Now that the Democrats have recovered from the shock of Governor Sarah Palin’s nomination as the Republican’s candidate for vice president, they have suddenly discovered that her lack of experience in general — and foreign-policy experience in particular — is a terrible danger in someone just a heartbeat away from being President of the United States.
For those who are satisfied with talking points, there is no need to go any further. But, for those who still consider substance relevant, this is an incredible argument coming from those whose presidential candidate has even less experience in public office than Sarah Palin, and none in foreign policy.
Moreover, if Senator Barack Obama is elected, he will not be a heartbeat away from the presidency, his would be the heartbeat of the president — and he would be the one making foreign policy.
But the big talking point is that the Democrats’ vice-presidential nominee, Senator Joe Biden, has years of foreign policy experience as a member, and now chairman, of the Senate Foreign Relations Committee.
That all depends on what the definition of “experience” is.
Before getting into that, however, a plain fact should be noted: No governor ever had foreign-policy experience before becoming president — not Ronald Reagan, not Franklin D. Roosevelt, nor any other governor.
It is hard to know how many people could possibly have had foreign-policy experience before reaching the White House besides a Secretary of State or a Secretary of Defense.
The last Secretary of War (the old title of Secretaries of Defense) to later become President of the United States was William Howard Taft, a hundred years ago. The last Secretary of State to become President of the United States was James Buchanan, a century and a half ago.
The first President Bush had been head of the C.I.A., which certainly gave him a lot of knowledge of what was happening around the world, though still not experience in making the country’s foreign policy.
Senator Joe Biden’s years of service on the Senate Foreign Relations Committee is even further removed from foreign-policy experience. He has had a front-row seat as an observer of foreign policy. But Senator Biden has never had any real experience of making foreign policy and taking the consequences of the results.
The difference between being a spectator and being a participant, with responsibility for the consequences of what you say and do, is fundamental.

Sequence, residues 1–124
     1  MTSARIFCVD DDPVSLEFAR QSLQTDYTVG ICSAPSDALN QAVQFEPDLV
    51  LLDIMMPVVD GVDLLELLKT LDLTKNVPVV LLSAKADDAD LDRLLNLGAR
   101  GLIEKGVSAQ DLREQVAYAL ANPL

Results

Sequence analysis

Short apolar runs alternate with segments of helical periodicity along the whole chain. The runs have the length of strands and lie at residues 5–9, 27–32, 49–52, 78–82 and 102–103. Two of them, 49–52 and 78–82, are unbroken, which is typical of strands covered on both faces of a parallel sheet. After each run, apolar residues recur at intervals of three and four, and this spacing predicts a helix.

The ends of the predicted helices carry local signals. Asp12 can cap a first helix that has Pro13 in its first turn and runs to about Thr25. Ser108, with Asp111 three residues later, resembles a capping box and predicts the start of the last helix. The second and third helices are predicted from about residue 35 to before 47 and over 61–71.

You can read books about crime or attend lectures by criminologists, but you have no real experience or expertise about crime unless you have been a criminal or a policeman.
Although I served in the Marine Corps, I have no military experience in any meaningful sense. The closest I ever came to combat was being assigned to photograph the maneuvers of the Second Marine Division at Camp Lejeune, North Carolina.
That was photographic experience, not military experience. If someone gave me a policy-making job in the Pentagon, I wouldn’t have a clue.
The fact that Senator Joe Biden has for years listened to all sorts of people testify on all sorts of foreign-policy issues tells us nothing about how well he understood the issues.
Out of the four presidential and vice-presidential candidates this year, only Governor Palin has had to make executive decisions and live with the consequences.
As for Senator Obama, his various pronouncements on foreign policy have been as immature as they have been presumptuous.
He talked publicly about taking military action against Pakistan, one of our few Islamic allies and a nation with nuclear weapons.
Barack Obama’s first response to the Russian invasion of Georgia was to urge “all sides” to negotiate a cease-fire and take their issues to the United Nations. That is standard liberal talk, which even Obama had second thoughts about, after Senator John McCain gave a more grown-up response.
We should all have second thoughts about what is, and is not, foreign-policy “experience.”
© 2008 CREATORS SYNDICATE, INC.